There’s at least one economic issue both candidates for president support — spending money on infrastructure. Democratic candidate Hillary Clinton proposes to spend $275 billion on building and upgrading roads, bridges, electricity and water systems. Republican Donald Trump said he would spend at least twice that.
Better roads, power lines and water systems help us produce more things and more service for less money, according to several studies. They boost the economy. A 2014 International Monetary Fund report found “increased public investment raises output in both the short and long term.”
One rule of thumb: “$1.3 billion in, gets you $2 billion in growth,” said economist Heidi Crebo-Rediker, CEO of the consultancy International Capital Strategies and senior fellow at the Council on Foreign Relations. “The compelling case is that the dollar in on a macro basis results in more than a dollar out.”
A report from Standard & Poor’s estimates a $1.3 billion investment would deliver 29,000 construction jobs and cut the nation’s deficit by $200 million.
Still, the details matter, as some bridges lead somewhere and others go nowhere. Benefits vary widely. A national-level list of projects with the highest return on investment would be handy, but it doesn’t exist, in part because the country’s money tends not to flow from Washington, D.C.
“About three-quarters of our infrastructure is funded through the municipal bond markets, through our state and local governments,” Crebo-Rediker said. “And that’s the way that we are structured.”
Though it’s hard to make national comparisons, the good news for empiricists is that more infrastructure decisions are merit-based, incorporating cost-benefit analyses. It turns out big, cement-pouring projects to deliver new long-distance highway or rail networks tend not to deliver the highest benefit. Robert Puentes, CEO of the Eno Center for Transportation think tank, said the country’s nation-building phase is in the past.
“We were connecting the country within, we were getting farmers unstuck from the mud,” Puentes said. “That was a long time ago. A lot of those big trends have played out. The big challenge that we have is because all that the stuff was built in the ’50s, ’60s and ’70s, it’s got to be rehabilitated, it’s got to be maintained.”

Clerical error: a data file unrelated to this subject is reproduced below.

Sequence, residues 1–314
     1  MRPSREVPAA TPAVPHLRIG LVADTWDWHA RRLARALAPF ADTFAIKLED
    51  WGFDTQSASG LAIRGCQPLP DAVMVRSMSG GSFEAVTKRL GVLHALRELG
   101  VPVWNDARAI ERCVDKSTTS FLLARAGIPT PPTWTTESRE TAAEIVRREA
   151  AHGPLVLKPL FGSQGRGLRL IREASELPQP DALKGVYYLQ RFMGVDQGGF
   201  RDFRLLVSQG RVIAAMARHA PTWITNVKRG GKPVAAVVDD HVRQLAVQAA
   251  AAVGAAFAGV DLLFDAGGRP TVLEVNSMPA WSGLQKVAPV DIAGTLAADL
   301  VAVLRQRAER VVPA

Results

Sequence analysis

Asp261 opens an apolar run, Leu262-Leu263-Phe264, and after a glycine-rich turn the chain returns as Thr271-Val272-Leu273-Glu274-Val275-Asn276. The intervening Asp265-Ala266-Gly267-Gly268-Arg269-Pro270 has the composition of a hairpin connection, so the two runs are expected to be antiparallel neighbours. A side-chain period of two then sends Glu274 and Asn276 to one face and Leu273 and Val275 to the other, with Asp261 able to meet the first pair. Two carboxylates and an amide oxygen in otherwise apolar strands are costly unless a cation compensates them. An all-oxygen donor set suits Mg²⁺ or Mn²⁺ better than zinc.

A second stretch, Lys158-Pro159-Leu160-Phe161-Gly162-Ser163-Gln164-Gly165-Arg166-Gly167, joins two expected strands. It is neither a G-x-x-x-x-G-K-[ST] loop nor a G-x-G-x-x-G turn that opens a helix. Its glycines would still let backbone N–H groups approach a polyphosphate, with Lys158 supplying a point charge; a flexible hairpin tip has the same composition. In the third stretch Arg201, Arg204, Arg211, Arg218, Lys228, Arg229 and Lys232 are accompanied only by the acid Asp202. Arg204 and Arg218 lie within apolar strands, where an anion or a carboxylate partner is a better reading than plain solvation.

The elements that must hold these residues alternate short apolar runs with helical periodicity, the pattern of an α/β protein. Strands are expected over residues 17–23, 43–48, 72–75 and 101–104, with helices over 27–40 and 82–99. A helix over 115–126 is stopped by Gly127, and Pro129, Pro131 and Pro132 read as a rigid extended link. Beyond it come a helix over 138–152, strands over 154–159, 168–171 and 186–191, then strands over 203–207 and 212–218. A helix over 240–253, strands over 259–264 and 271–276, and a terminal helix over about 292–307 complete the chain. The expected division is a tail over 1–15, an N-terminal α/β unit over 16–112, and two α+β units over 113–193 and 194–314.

The maintenance list grows longer by the day. According to the American Society of Civil Engineers, the nation’s power grid suffers more than 300 big outages a year. One in nine bridges is deficient. Every year brings 240,000 water main breaks. Shipping barges on inland waterways have an average 52 service interruptions a day.
According to Puentes, a dollar spent on upkeep, on preventing billion-dollar catastrophes, makes for a great investment.
“It’s easier to allocate money for new, shiny projects than for fixing things,” Puentes said. “But we do know from that it’s always cheaper and it’s always better in the long run to maintain the existing system than wait until it has to have wholesale rehabilitation.”
In his view, the way to prioritize projects is to ask: What are you trying to achieve? If you want to transport more people to more jobs, you might buy more buses. If you want to build a workforce for the next generation, you might build new schools.
“Are we trying to boost international competitiveness? Well, that’s going to lead you to projects around probably freight movement, or ports,” he said. “If we’re trying to reduce greenhouse gas emissions, then you would probably look at projects that are going to get people to choose something other than the single-occupant vehicle. Biking, or walking, or taking mass transit.”
The challenge is when the ideal world of investments crashes into the one we have today. Infrastructure money is political. A lot of spending inertia remains in the system.
“There’s a tendency to keep spending the way you spend,” said transportation consultant Alan Pisarski, “and giving 13 percent to this region, this region gets 9 percent, instead of saying, ‘what does the region as a region need?'”
And, Pisarski said, statistics in a political setting are open to opportunistic fudging. One old trick is what’s known as “optimism bias” — proposing to build something and over estimating how many people will use it.
“There’s a tendency to be positive about ‘Yes, this is really going to work.’ Especially when you’re using other people’s money, strangely enough, that bias comes in.”
In addition to the politics of money and infrastructure, an added challenge is predicting where and how we’ll live in the decades to come. Will there be a return to downtowns? How many Americans will continue to own and drive personal vehicles? What will happen to the outer suburbs?
“This is the most volatile and difficult period for forecasting travel activity,” Pisarski said. “Autonomous vehicles, Uber, auto ownership, walking, biking. The drama, if you will, is substantial.”
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